"I think a lot of it has to do with the fact that people are not being as careful as they should be. I think a lot has to do with the fact that we do not have the leadership at the national level that we should have. We should not have 50 states doing 50 different things. We ought to have one coordinated effort coming from our national government, led by our president and doing what is in the best interests of this country. That’s what we ought to have. This whole notion of having every state doing its own thing harkens back to states' rights, and that’s where this president’s head is. He is more interested in states' rights than he is in doing right."

On the possibility of another COVID-19 relief package

"Well, remember, the House has just passed a $3 trillion bill called the Heroes Act. It’s out there, it’s passed the House. It’s now over in the Senate. It should happen what the American people need to [do is] weigh in on the leadership of the Senate. Mitch McConnell boasts about running a graveyard, burying good legislation. So there should be another at least $3 trillion that’s sitting there in the Cares Act, $1 trillion of which goes to state and local governments. And that’s got to be done or something has to be done for them by the end of June. Many of them [are] on fiscal years from July 1 to June 30. So by the end of June 30, a lot of cities, a lot of towns and counties are going to be in a bad place."

On whether Joe Biden should accept the presidential nomination in front of a crowd

"I think, first of all, I do offer advice to the campaign on various things, but I don’t [do] it publicly. When I speak with the vice president, I do so in private. And I don’t discuss those conversations in the public. But as far as his acceptance of the nomination, I think he ought to accept it like a leader of this country ought to accept it, utilizing the best practices when dealing with a pandemic. This whole thing of needing a crowd in order to boost your ego. I don’t think the vice president needs that. This vice president or this former vice president and this candidate is demonstrating what needs to be done in order for the soul of America, the goodness of America to be shown through. I’ve said often, and I really believe that most Americans are good people and America is a great nation, but this greatness is under threat because our goodness seems to be dissipating."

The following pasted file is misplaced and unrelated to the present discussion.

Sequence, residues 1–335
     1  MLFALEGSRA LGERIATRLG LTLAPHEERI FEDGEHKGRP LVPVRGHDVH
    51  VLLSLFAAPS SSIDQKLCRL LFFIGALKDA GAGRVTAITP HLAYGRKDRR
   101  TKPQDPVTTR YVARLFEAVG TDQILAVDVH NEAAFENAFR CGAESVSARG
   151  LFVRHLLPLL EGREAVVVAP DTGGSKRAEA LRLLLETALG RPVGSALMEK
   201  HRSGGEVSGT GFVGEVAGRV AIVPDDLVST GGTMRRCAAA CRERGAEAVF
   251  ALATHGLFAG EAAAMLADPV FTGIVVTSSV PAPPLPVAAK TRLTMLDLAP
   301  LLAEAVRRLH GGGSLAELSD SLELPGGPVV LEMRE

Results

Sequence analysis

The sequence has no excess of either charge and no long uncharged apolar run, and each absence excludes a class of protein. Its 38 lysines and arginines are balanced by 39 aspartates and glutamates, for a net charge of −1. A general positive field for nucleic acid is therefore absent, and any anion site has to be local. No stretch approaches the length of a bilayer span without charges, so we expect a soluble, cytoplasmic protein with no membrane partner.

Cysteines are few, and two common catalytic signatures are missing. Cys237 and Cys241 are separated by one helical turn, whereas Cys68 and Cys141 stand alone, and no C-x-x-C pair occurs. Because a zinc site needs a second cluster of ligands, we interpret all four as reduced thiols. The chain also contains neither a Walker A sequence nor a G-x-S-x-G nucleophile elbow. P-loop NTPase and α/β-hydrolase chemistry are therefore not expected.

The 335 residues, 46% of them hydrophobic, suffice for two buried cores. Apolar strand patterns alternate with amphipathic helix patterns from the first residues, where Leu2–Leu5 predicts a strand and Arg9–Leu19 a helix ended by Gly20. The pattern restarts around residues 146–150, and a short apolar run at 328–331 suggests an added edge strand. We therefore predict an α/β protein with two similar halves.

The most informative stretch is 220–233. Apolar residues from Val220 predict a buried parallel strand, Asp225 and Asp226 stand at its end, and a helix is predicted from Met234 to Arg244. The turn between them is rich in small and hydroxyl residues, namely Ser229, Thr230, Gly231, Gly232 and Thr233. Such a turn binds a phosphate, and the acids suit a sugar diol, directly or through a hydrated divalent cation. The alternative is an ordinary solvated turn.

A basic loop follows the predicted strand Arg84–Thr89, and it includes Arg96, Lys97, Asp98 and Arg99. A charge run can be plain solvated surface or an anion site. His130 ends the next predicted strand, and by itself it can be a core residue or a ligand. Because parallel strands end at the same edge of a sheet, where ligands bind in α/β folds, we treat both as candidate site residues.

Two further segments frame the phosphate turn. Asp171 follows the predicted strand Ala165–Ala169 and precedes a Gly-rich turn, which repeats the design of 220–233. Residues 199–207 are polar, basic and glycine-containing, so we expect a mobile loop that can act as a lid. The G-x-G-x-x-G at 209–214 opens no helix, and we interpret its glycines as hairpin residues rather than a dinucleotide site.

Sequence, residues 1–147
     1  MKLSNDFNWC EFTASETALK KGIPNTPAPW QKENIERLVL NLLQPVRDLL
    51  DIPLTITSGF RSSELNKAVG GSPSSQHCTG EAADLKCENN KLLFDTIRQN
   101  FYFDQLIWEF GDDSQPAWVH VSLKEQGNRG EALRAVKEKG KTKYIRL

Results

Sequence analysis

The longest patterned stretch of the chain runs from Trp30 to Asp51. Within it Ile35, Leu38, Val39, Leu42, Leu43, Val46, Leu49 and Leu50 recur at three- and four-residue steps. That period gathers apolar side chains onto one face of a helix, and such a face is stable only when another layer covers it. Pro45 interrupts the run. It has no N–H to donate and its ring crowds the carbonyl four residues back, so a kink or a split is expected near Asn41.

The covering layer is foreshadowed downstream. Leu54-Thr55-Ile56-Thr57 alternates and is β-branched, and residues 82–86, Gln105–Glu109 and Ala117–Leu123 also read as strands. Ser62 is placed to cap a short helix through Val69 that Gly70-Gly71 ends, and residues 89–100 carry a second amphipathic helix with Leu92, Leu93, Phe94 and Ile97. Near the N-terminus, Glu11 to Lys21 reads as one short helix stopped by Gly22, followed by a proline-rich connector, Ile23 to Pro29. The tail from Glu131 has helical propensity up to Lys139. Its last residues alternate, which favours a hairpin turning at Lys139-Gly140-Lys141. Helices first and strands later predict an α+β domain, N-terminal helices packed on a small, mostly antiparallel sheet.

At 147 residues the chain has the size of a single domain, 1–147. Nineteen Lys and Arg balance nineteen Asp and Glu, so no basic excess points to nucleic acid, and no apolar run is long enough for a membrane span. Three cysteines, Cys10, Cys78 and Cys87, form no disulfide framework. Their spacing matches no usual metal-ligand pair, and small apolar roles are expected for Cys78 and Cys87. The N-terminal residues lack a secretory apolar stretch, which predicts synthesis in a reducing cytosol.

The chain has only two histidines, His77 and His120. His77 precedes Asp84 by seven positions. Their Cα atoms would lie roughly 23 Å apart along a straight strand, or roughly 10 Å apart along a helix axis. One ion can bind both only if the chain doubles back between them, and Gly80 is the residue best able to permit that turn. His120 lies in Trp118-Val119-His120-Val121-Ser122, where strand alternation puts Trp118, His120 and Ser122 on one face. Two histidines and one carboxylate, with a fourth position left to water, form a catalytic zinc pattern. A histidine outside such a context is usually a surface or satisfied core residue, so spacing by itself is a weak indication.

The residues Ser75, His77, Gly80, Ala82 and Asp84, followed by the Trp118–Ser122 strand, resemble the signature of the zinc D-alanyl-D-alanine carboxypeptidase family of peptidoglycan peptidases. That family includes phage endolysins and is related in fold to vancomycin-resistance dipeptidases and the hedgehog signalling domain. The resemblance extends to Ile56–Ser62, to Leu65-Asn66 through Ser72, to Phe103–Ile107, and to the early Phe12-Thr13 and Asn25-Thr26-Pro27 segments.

Julia Corcoran produced and edited this interview for broadcast with Peter O’Dowd. Allison Hagan adapted it for the web.

This article was originally published on

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South Carolina Rep. Jim Clyburn. (Alvin C. Jacobs for Here & Now)
South Carolina Rep. Jim Clyburn. (Alvin C. Jacobs for Here & Now)